Saturday, August 20, 2011

Start Something That Matters

Posted by Kurt

This quick little book is a guide for socially conscious entrepreneurship for the Twitter generation, and there is no piece of that description that appeals to me as a reader. The Amazon Vine program offered me a free copy, though, and I decided to accept it because (1) I’m a big fan of The Amazing Race, on which Mycoskie appeared, and (2) my dad loves the TOMS shoes movement.

Personally, I haven’t been enthusiastic about the TOMS idea. I don’t really care for the aesthetics of the shoes, and I thought that, except for volunteers who participate in shoe drops, the charitable side of the company lets rich people feel good without actually having to touch poor people, which presents certain problems. Plus, I have been given my share of cheesy business books with vaguely inspirational quotes and a hollow you-can-do-it self-reliance message. So when I selected the book, I expected it to be a vaguely unpleasant experience that I could endure before loaning out my copy to people who fit what I saw as the intended demographic.

My expectations were completely wrong. I loved this book more than anything I’ve read in a long time.

Mycoskie writes from the heart here, filling pages with a shameless optimism based on real experience. He shares many examples from TOMS and other businesses that he’s started, both positive and negative, and not the kind of “My greatest fault is that I just care too much about this job” negative that an applicant makes up during a job interview - there are some real mistakes here that Mycoskie owns as a powerful example of humble leadership. A reader will get a sense, not only of what it’s like to work for TOMS, but what it can be like to start (or restart) any organization with a story to tell.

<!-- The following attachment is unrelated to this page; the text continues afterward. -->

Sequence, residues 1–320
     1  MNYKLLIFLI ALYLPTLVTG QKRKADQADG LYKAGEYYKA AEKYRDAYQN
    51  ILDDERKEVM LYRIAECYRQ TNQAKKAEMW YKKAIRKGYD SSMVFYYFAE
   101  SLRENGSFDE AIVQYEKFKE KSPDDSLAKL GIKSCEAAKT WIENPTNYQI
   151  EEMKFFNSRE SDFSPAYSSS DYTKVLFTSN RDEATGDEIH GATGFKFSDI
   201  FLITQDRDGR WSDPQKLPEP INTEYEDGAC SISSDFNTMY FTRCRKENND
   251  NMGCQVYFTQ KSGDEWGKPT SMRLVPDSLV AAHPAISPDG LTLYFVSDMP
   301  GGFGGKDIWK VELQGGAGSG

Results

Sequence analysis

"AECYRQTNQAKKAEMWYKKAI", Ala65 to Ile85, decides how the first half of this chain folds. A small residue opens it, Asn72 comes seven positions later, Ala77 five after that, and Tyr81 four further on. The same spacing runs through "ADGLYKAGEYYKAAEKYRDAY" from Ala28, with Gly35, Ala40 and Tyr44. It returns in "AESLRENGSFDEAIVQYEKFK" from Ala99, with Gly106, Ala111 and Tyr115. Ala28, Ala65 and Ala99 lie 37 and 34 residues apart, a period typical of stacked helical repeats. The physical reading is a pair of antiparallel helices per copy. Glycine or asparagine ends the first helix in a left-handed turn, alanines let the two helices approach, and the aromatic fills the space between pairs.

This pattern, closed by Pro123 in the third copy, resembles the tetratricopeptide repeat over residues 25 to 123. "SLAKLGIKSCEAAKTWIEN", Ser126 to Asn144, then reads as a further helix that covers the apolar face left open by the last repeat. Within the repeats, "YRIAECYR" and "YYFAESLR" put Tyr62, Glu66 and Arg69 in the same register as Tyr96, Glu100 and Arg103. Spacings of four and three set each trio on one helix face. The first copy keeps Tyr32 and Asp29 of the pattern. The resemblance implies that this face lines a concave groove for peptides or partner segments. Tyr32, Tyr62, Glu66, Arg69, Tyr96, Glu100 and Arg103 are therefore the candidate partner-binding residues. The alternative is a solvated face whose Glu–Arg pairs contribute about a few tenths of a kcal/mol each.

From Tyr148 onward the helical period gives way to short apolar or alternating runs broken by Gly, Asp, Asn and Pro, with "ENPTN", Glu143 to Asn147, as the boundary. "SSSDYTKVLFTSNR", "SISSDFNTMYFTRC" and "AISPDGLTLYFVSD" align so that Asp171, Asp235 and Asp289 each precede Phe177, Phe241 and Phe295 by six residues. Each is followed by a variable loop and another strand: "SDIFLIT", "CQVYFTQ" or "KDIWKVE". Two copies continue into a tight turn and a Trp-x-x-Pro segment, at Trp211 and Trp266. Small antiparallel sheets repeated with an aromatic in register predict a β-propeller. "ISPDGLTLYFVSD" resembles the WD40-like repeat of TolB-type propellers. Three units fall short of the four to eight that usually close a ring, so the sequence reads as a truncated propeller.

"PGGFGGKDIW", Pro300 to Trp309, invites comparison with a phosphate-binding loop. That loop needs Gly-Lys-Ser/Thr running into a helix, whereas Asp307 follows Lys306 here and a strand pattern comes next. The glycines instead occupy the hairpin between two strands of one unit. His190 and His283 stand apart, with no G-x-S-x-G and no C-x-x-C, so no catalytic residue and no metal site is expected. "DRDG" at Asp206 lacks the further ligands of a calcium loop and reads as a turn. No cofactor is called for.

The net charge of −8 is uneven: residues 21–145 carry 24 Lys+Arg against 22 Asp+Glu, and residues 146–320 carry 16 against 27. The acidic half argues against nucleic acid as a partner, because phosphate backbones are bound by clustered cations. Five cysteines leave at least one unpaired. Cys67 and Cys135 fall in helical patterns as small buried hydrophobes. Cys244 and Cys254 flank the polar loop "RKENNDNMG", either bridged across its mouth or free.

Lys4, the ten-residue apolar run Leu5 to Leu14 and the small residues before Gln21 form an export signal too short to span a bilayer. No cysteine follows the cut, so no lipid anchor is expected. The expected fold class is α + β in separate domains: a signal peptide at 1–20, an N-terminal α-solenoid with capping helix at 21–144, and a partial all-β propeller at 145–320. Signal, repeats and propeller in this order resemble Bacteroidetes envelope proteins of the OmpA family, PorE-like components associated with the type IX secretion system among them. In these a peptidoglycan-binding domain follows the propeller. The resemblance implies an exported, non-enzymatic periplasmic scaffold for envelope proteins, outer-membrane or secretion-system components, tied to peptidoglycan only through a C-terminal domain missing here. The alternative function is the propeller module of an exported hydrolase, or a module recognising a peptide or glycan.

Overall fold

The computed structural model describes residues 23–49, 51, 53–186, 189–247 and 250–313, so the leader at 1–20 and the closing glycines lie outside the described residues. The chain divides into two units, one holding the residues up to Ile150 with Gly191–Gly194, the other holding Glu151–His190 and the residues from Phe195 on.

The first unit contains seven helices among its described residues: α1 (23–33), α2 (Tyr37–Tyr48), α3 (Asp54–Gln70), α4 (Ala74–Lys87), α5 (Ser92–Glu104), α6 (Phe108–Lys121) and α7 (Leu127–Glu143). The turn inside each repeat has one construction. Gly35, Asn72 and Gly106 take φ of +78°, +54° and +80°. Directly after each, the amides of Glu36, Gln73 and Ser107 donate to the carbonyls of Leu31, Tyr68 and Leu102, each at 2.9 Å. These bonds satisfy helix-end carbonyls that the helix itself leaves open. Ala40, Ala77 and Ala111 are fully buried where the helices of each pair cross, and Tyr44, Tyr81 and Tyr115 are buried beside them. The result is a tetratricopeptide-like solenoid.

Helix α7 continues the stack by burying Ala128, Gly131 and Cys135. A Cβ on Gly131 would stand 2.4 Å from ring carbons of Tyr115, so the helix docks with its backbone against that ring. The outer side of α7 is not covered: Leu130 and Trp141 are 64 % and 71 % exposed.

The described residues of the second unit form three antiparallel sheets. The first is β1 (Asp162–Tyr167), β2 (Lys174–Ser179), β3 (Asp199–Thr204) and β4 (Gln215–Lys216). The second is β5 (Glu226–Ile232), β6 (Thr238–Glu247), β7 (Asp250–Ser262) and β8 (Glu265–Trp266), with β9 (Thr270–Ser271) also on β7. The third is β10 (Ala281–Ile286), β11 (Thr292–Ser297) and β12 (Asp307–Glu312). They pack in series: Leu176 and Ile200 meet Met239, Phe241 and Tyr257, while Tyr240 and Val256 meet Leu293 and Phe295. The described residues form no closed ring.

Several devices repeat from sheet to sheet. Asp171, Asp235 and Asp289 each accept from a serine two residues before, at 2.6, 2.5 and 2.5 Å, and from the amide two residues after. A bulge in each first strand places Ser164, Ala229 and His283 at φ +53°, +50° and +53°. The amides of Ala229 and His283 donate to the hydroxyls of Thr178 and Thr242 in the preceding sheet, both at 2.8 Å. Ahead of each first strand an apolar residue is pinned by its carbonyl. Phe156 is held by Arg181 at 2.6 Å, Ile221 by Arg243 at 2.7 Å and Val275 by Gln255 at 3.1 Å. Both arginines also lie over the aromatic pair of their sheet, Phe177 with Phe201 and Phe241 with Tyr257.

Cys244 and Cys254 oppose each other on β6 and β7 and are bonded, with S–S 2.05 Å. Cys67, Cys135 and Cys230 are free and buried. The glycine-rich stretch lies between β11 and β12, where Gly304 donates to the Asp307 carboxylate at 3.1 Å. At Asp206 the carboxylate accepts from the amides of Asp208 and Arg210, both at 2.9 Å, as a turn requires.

And when Mycoskie insists that simplicity is a key value of any organization, he practices what he preaches. These chapters are streamlined, with just enough examples to make each point, and plenty of engaging text boxes and photographs, showing that simple doesn’t mean boring, and visually exciting doesn’t mean shallow. A reader can easily skim through the entire book in one sitting without really noting the passage of time.

The youthful exuberance of the book does not detract from the professionalism of the message. Mycoskie hits, again and again, the idea that helping the world can be profitable, with plenty of quotes and examples from business leaders and entrepreneurs. He is not a wide-eyed college freshman but a battle-tested visionary, and he extends his invitations in ways that even the most hard-hearted cynics can be inspired (I include myself here, as it has been many months since I’ve been inspired on a fundamental level, and lately I have served more from inertia than an actual belief that I can change anything in the world). This book can not only give you advice on how to start a story-based organization (from core value suggestions to practical links to web sites that provide free resources), it can inspire you to take the next step and actually do it.

I want to buy a copy of this book for every college freshman in the country. I want it to be an informal textbook in every business school. I want it to become a viral phenomenon that melts hearts and sharpens minds and changes the world. And I feel completely humbled to be given the opportunity to read it before it hits the stores. Please read this book.

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